The covid19 pandemic has hit the music industry hard, but some artistes in TT are fighting back to ensure the legacy of local musicians continues for generations to come.
Since the pandemic started last year, WACK (We are culture crazy) launched fundraising campaigns with a series of virtual events.
From the comforts of their homes, listeners/viewers were treated to live, combined with pre-recorded entertainment from an array of artistes and different genres of music.
WACK, owned by Kenny Phillips, is a broadcasting and media production company based in San Fernando.
On August 26, at the company’s 198th show, titled Old School vs New School, listeners/viewers were treated to musical banter between seasoned local artistes and younger ones.
The "calypso show" was the brainchild of Ta’zyah O’Connor, 19, son of the 2012 Calypso Monarch, Duane O’Connor.
"Old School versus New School was not a competition. It showcased the talents of the new and upcoming artistes and ones from the older generation. We are keeping the art form alive and people loved the show," the form six student said.
"It was an opportunity for the younger singers to feed off and be inspired by the veterans. Calypso art form is in good hands."
O’Connor attends Upper Level Education Institute in Chaguanas and lives at Cocorite in St James.
He is also a lead vocalist in the music band STEEM.
"I was raised in the art form. I have been surrounded by it my entire life," O’Connor told Newsday.
Asked why he decided to have the show, he responded: "I can sing, have the ability to put on shows, so why I say not do it? I cannot have a talent and waste it. Once I have an idea, I can call Kenny and he always supports it. He promotes youths in art form a lot."
The versatile teen said he has a love of calypso flowing through his veins like his father.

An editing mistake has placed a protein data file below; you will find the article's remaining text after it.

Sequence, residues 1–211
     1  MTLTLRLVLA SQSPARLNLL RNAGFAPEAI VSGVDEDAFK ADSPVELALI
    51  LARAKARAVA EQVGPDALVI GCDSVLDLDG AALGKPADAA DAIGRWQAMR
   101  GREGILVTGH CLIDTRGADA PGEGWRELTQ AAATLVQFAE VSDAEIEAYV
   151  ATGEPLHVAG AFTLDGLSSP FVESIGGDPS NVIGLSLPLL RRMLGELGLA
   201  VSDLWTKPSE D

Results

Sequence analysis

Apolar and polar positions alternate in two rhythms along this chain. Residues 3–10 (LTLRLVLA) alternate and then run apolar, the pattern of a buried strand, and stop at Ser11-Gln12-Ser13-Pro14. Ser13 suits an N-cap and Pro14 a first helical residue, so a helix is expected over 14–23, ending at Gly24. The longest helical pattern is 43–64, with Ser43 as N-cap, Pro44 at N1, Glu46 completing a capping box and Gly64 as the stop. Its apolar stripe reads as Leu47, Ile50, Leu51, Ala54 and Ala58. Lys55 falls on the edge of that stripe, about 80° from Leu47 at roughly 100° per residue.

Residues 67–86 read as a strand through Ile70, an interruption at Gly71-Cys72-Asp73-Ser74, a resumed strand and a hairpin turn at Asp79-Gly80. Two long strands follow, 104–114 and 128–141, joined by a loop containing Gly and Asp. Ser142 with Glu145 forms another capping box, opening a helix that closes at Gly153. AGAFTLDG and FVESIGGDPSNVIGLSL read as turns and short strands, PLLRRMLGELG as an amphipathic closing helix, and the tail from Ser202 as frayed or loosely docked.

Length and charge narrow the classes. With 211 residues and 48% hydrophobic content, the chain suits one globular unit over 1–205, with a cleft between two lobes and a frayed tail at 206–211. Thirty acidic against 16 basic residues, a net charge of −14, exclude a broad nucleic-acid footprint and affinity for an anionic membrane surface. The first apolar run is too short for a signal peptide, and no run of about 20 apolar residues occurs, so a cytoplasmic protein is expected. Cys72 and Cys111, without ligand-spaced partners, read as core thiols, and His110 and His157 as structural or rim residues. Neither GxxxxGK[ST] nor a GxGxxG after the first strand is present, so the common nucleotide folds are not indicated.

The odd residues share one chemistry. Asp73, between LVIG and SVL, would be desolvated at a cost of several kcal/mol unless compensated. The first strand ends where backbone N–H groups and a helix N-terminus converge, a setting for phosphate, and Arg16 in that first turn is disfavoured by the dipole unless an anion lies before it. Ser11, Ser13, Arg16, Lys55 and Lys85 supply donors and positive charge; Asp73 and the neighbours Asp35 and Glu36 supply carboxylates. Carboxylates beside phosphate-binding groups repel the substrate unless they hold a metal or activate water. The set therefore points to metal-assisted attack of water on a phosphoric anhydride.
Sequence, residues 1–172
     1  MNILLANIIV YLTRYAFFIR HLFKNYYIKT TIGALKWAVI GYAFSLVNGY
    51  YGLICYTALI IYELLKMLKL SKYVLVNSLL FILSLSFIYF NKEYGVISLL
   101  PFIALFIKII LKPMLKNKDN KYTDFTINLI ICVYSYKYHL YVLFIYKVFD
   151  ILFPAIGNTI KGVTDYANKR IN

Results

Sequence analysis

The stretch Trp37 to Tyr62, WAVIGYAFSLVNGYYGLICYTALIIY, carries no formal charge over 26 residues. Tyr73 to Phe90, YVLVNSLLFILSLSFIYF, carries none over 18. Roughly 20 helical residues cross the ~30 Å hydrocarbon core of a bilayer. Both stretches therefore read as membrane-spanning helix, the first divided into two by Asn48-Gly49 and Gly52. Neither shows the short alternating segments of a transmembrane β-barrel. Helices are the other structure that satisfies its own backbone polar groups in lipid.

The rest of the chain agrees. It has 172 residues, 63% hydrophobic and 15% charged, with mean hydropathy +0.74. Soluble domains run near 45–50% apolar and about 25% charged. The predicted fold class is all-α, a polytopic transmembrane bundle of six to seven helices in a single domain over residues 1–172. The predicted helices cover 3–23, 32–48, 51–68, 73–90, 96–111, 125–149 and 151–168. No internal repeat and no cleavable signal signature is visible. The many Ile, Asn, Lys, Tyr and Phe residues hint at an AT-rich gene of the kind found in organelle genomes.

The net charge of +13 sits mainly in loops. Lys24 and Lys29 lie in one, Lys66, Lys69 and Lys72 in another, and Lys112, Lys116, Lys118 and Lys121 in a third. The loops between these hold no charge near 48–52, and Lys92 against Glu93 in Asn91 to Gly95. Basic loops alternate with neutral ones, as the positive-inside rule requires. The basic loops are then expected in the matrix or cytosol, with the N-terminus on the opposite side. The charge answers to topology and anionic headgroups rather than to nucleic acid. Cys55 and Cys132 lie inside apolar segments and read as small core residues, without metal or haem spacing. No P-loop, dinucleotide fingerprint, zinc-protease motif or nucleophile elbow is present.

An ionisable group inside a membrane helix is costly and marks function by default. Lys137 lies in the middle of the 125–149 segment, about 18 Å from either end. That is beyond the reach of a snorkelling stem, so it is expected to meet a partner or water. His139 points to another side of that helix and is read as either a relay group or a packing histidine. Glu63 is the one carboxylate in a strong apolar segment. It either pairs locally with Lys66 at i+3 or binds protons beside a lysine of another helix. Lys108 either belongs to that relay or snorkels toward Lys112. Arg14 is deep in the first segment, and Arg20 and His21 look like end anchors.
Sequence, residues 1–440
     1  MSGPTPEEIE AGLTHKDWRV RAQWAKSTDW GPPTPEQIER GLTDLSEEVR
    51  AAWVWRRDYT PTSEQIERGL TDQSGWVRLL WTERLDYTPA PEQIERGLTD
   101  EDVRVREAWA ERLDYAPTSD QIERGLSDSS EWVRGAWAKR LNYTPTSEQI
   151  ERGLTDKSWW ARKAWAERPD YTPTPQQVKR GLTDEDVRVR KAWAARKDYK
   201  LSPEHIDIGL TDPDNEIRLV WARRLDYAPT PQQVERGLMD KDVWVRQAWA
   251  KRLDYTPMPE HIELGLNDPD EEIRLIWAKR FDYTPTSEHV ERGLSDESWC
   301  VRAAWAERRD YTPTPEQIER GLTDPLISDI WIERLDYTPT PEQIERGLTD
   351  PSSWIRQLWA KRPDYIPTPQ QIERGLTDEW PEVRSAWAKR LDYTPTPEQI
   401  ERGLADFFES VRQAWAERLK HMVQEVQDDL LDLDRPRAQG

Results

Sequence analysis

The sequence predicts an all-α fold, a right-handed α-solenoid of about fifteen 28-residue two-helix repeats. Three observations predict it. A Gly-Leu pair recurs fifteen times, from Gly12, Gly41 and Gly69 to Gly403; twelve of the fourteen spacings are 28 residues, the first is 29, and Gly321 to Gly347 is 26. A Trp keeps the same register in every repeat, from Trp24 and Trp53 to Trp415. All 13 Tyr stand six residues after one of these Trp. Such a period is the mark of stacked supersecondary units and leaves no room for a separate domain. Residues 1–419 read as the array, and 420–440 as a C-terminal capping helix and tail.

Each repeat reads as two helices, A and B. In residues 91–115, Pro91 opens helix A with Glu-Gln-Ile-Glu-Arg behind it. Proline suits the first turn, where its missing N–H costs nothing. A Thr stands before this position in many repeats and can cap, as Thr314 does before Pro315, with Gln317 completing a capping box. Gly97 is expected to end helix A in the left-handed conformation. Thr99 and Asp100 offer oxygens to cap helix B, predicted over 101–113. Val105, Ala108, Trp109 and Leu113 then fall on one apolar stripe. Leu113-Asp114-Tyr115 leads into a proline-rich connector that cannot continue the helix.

O’Connor led the cast of the "new school" which included Naomi Sinnette, A'janae King Fraser, and seven-year-old Zachary Ransome, the youngest performer.
O’Connor performed the Latin hit Suavemente and Karene Asche's Uncle Jack. He also performed Not in Here, his father's song that saw him to the National Calypso finals.
He also hosted the show, which was live streamed on WACK’s digital platforms.
Calypsonian Alana Sinnette performed her song Stitches and the late Singing Sandra’s hit Voices From the Ghetto.
Sinnette’s niece, Naomi, sang Ancient Rhythms, also from Singing Sandra.
A'janae King Fraser, a National Junior Monarch finalist and secondary school student sang Tempted and Tried.
The song is about how she has been tempted to switch to soca, adding that her love for calypso would never die.
Zachary paid tribute to Bill "Trinidad Bill" Trotman’s putting his spin to the popular song Back to School.
"Old vs new was the finale of a series I had months before. People were saying we (performers) were looking and sounding good," O’Connor said.
O’Connor, who spoke on behalf of the young performers at the show, laughed at getting some picong as a young artiste, from the public.
He said: "They said we had nothing on the old people (meaning they cannot compete with the veterans). They say we were not ready for the older adults. I said to myself, why not bring the older adults to join us."
Veteran Johnny King was part of the old school.
He thanked the organisers for bringing the old and the young together. He said he was happy to see the youngsters' level of interest in the calypso art form.
King performed his megahits Wet me Down and Nature's Plan.
Another well-known calypsonian Eunice Peters performed several songs, including Culture don't close Down, Call meh Name and Bob Marley's No Woman No Cry.
Up to last Thursday, the show raised $6,257 of its $15,000 goal on the fundraising site, fundmetnt.com.
Phillips, WACK CEO and founder, told Newsday the virtual series started when the pandemic hit last year.
He re-purposed his conference room to facilitate the shows, saying he "had to do something."
As WACK would have done for the past few years, the station paid tribute to Leroy "Black Stalin" Calliste. The musical genius turns 80 on September 24.
The next day, the show continued with the police band in concert.
"We do the concert for free and asked that if people enjoyed them that they contribute. They can contribute any amount, and some people give $5."